By Kate Bernot, RedEye
August 31, 2012
Editor's Note: In the time since our review, Bonsoiree has closed.
2728 W. Armitage Ave. 773-486-7511
Rating: 2.5 stars (out of four) Take it or leave it
Beverly Kim was perhaps the most controversial contestant on "Top Chef: Texas" earlier this year. Despite her quiet and seemingly sensitive personality, Kim at times became a target of other chefs' frustration. Though some fans felt she was picked on, she made it to the respectable final four, and now has an entire restaurant, Bonsoiree, to call her own. Last week, the small-but-celebrated Logan Square spot reopened with a completely new menu, which Kim hopes has her name written all over it.
"Top Chef" challenges are full of wacky rules—cooking on a ski lift, anyone?—and Kim's previous position as chef de cuisine at the Fairmont Hotel's Aria came with parameters, too. "I had to work within the confines of an a la carte restaurant," Kim said of Aria. "The dishes [at Aria] were heartier. They were beautiful, but not as extreme or on-the-edge as what we're doing at Bonsoiree."
Bonsoiree's previous chef, Shin Thompson (who remains a part owner and a presence in the dining room), made it synonymous with pristine but edgy fine dining. Kim keeps that refinement, but injects a noticeable dose of her Korean background. The menu has a modern bent too, courtesy of her husband, Johnny Clark, also a chef and a partner in Bonsoiree. "Johnny takes me out of my comfort zone," Kim says. "He's not afraid to take risk. I'm more of the groundedness. We're like checks and balances."
I stopped last week to find out what the new dynamic duo behind the burners would mean for one of the most innovative and beloved restaurants in the city.
Surrender to the menu.
Taking a cue from Next and El Ideas, Bonsoiree has switched to a ticketed reservation system, which means you'll pay for your 12-course dinner ($130 Wednesday, Thursday and Sunday; $160 Friday and Saturday) ahead of time. At the restaurant, a server will ask about your food allergies and whether you'd like the optional beverage pairings, but other than that, the menu's already set.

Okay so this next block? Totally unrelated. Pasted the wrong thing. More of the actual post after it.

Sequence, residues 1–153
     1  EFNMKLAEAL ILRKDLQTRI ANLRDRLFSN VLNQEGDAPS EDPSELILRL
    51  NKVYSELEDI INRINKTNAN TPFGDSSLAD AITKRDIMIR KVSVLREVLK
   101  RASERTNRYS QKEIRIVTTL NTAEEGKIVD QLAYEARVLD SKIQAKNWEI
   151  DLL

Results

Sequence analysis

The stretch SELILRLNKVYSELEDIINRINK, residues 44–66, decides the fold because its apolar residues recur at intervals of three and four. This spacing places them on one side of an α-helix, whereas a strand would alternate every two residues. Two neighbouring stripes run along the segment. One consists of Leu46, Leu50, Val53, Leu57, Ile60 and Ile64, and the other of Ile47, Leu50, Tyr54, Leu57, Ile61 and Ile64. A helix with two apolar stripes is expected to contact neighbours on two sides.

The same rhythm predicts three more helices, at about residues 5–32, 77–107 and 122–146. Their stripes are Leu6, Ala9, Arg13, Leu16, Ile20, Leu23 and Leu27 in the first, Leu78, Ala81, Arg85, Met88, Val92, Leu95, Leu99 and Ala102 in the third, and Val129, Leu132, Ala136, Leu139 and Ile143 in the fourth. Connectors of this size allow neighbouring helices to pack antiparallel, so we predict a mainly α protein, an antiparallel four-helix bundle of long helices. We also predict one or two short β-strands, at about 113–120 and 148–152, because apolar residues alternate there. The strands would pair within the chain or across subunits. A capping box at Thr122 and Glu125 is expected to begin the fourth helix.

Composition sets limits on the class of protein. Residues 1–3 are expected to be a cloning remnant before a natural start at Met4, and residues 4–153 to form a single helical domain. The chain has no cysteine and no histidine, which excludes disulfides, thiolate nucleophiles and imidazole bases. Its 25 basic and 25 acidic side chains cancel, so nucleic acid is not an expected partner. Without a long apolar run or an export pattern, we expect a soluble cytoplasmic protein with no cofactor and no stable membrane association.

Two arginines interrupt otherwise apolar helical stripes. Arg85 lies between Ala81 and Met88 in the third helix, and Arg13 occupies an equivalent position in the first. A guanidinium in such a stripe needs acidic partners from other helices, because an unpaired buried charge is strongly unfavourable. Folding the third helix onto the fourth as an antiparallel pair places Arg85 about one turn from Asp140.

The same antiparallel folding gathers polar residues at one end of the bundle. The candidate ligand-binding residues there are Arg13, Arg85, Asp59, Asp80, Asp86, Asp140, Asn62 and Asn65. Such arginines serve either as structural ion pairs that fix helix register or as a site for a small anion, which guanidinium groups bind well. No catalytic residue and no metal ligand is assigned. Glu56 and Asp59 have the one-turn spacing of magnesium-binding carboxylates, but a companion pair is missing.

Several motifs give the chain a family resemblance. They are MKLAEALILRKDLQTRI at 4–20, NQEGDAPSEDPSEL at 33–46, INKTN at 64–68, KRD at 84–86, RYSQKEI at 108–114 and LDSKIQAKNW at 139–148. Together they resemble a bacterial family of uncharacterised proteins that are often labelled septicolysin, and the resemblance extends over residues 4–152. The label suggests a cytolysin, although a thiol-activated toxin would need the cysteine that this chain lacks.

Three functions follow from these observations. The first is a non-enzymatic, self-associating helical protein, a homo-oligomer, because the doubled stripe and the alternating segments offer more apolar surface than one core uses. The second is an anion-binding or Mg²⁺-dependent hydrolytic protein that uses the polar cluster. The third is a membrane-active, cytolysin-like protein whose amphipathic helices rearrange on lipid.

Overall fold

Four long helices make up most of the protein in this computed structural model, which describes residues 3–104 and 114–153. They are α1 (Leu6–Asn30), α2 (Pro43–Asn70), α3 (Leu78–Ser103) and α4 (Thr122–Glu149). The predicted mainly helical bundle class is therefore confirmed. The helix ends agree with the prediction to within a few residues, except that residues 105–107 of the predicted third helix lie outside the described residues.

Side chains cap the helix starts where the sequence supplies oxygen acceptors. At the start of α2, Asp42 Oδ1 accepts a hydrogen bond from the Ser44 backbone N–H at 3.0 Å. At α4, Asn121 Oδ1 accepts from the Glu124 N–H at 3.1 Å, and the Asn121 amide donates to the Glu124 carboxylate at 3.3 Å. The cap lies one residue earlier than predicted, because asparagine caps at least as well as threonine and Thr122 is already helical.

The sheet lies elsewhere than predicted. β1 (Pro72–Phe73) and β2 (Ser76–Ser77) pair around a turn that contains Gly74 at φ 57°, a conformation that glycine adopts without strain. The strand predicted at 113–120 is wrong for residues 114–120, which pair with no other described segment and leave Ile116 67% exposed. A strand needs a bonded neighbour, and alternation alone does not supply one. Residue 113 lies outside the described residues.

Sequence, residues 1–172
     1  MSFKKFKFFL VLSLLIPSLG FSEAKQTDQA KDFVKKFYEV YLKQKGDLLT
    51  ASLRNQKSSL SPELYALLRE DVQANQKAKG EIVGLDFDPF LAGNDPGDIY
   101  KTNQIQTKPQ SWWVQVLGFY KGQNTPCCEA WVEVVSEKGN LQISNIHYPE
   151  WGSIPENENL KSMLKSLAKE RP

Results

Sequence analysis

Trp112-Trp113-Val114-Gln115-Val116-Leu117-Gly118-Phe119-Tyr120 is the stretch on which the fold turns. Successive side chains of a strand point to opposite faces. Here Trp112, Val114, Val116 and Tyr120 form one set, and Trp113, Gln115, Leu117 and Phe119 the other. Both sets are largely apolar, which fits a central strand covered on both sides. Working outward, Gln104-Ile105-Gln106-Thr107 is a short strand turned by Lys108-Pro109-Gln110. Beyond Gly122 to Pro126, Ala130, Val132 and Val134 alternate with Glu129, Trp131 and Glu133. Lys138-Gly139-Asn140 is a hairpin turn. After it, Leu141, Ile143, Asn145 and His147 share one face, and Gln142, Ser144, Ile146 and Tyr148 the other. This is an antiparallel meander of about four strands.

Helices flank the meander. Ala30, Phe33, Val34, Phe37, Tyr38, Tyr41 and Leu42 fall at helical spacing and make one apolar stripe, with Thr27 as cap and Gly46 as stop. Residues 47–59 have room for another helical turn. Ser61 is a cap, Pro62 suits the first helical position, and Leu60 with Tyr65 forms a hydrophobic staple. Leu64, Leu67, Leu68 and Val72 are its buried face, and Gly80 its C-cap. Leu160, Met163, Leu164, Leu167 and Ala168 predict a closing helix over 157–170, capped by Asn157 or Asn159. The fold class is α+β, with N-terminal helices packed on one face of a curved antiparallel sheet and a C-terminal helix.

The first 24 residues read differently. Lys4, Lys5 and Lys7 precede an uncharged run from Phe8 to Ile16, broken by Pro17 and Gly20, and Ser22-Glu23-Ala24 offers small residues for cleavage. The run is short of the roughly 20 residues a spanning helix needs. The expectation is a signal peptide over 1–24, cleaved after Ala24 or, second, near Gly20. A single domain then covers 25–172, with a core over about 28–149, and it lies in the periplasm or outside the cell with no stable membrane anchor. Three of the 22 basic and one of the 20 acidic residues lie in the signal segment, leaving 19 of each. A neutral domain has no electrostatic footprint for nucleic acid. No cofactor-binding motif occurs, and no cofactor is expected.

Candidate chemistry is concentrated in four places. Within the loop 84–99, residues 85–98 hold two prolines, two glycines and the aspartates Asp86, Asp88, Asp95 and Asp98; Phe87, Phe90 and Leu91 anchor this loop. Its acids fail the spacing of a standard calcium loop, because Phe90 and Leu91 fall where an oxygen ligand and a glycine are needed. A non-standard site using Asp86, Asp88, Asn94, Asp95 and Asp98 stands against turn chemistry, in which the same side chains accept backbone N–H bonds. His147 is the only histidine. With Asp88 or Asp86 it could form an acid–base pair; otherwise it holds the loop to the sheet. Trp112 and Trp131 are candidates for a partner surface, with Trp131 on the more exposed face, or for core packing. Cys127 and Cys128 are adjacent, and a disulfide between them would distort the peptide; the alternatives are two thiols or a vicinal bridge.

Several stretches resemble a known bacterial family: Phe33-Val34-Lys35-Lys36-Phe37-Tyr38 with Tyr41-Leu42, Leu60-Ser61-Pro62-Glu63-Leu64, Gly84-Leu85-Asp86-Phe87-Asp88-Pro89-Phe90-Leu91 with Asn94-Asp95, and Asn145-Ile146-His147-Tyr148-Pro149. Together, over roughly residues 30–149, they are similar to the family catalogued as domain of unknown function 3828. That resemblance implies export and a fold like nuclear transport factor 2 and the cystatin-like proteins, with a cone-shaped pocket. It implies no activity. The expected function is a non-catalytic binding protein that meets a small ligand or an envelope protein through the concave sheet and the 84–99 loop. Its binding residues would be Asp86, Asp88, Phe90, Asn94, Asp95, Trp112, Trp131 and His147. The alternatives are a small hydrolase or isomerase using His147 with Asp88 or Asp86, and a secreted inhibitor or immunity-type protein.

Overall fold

Prepare for textural adventures.
Kim's flavors aren't bold. This isn't to say they can't be pleasing, but words like "delicate" and "muted" came to mind as I sipped thin broths and ethereal sauces. Her light hand in spicing and seasoning places a premium on the dishes' unexpected textures. Battered smelts are fried whole—tail and all—in a smart preparation that preserves the oiliness of the fish but balances with crunch. Foie gras semifreddo, a chilled, whipped ball with a decadent, pate flavor, is rolled in puffed buckwheat that cracked and melted in my mouth like a gourmet version of Dibs ice cream nuggets. Not all textural experiments pay off, though. My scallop chawanmushi, a Japanese egg custard, wasn't completely set, and became a runny slime after a few spoonfuls. Thai-style ember-roasted carrots are earthy and comforting, but they're served in a somewhat gelatinous cultured coconut vinegar, poured table-side, that was difficult to spoon onto the carrots. After struggling, I left most of this clear liquid on the plate.
Don't expect everything to make sense.
I applauded some of Kim's more imaginative choices, like the roasted elderberry mignonette that topped a briny West Coast oyster starter. Others just left me confused. Why would Kim create a cheese course out of a beet chip and her own vegan, cashew-based cheese that tasted bland and vaguely grainy? And why was a beautiful purple sweet potato served with a hefty dusting of gritty nutritional yeast powder that should have been left in the health store?
Do look forward to dessert.
Many meals lose steam at dessert, but Bonsoiree's final two dishes were knockouts. A square of makkoli cake (made with Korean rice wine and rice flour) was as light as the best pound cake, with just a whisper of sweetness that made it my favorite of the night. Likewise, the pat bing su, a South Korean shaved ice with assorted crunchy toppings, tasted unexpectedly like cereal and milk.
Opt for the beverage pairings.
Bonsoiree used to be BYOB, but now carting your own booze will cost you a $35 corkage fee per bottle. Instead, $70 optional beverage pairings are masterminded by Rachel Lowe, a notable wine director who previously worked at Trump Tower's Sixteen. From effervescent French reds to offbeat Greek whites to a fun German weizenbock beer, the enthusiastic and down-to-earth staff gave me the back story and simple tasting notes for each drink. Though our wine steward was knowledgeable, a couple of pairing mix-ups kept me from feeling like this was truly fine-dining service.
Come early or stay late.
The 12-course dinner already will take up about three hours of your evening, so you may as well make a night of it and spend some time before or after your meal on the stunning new patio, visible from the glass-enclosed rear dining room. Sipping post-dinner espresso near the romantic fire pit was the perfect nightcap.
Bonsoiree does nearly everything right in terms of friendly service, pacing and sleek design, but the $460 price tag (weekend dinner for two with drink pairings) puts it in the same wallet-thinning category as heavy-hitters like Alinea and Tru. While Bonsoiree hasn't lost all the magic that made it so beloved, it needs more polish and pizazz if it's going to take on the big boys.
Reviewers visit restaurants unannounced and meals are paid for by RedEye. email@example.com | @kbernot
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